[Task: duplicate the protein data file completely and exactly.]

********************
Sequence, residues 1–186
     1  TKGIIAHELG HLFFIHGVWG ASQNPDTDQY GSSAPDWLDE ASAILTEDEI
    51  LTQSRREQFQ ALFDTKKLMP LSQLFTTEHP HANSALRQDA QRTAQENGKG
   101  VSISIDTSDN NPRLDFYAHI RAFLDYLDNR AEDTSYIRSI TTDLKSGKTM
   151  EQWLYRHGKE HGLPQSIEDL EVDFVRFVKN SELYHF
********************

Sequence, residues 1–186
     1  TKGIIAHELG HLFFIHGVWG ASQNPDTDQY GSSAPDWLDE ASAILTEDEI
    51  LTQSRREQFQ ALFDTKKLMP LSQLFTTEHP HANSALRQDA QRTAQENGKG
   101  VSISIDTSDN NPRLDFYAHI RAFLDYLDNR AEDTSYIRSI TTDLKSGKTM
   151  EQWLYRHGKE HGLPQSIEDL EVDFVRFVKN SELYHF